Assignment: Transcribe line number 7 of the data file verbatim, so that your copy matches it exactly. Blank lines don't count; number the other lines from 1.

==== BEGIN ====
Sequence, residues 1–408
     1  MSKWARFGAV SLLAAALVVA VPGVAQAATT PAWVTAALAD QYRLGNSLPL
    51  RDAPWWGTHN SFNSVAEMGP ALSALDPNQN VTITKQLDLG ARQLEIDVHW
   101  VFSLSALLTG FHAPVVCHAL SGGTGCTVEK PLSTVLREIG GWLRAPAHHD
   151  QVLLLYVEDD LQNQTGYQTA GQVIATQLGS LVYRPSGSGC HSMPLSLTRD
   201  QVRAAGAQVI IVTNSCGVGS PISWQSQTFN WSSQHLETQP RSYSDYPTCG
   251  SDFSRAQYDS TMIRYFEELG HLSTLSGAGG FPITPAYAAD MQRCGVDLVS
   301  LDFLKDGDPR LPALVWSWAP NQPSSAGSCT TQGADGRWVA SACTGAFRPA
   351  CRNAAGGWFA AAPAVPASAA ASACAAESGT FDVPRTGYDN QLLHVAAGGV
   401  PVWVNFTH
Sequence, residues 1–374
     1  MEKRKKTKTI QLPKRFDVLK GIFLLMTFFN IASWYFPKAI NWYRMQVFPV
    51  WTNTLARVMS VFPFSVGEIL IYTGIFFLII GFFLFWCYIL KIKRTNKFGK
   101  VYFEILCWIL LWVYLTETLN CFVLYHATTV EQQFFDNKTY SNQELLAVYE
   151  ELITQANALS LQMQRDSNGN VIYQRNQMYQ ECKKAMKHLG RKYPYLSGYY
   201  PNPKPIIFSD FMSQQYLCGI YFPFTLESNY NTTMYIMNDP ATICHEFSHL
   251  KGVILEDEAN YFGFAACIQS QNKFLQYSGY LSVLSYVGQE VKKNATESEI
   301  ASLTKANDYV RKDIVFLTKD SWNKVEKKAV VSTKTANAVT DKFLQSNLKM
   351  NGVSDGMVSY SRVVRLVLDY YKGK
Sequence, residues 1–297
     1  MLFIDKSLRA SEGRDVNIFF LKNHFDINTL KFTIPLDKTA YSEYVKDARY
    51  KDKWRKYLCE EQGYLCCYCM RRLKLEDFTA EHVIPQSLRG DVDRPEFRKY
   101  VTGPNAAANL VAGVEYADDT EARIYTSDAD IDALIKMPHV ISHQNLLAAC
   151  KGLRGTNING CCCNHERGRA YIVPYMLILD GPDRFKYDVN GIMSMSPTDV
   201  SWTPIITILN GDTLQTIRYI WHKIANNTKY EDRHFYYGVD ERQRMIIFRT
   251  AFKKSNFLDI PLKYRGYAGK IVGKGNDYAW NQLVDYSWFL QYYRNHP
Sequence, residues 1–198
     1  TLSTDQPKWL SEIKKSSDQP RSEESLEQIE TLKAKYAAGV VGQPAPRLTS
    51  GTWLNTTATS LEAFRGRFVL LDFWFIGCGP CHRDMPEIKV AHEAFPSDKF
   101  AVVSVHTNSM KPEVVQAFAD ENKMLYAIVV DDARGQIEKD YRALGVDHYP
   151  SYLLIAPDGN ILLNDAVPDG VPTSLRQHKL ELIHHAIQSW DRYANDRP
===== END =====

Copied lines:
   251  SDFSRAQYDS TMIRYFEELG HLSTLSGAGG FPITPAYAAD MQRCGVDLVS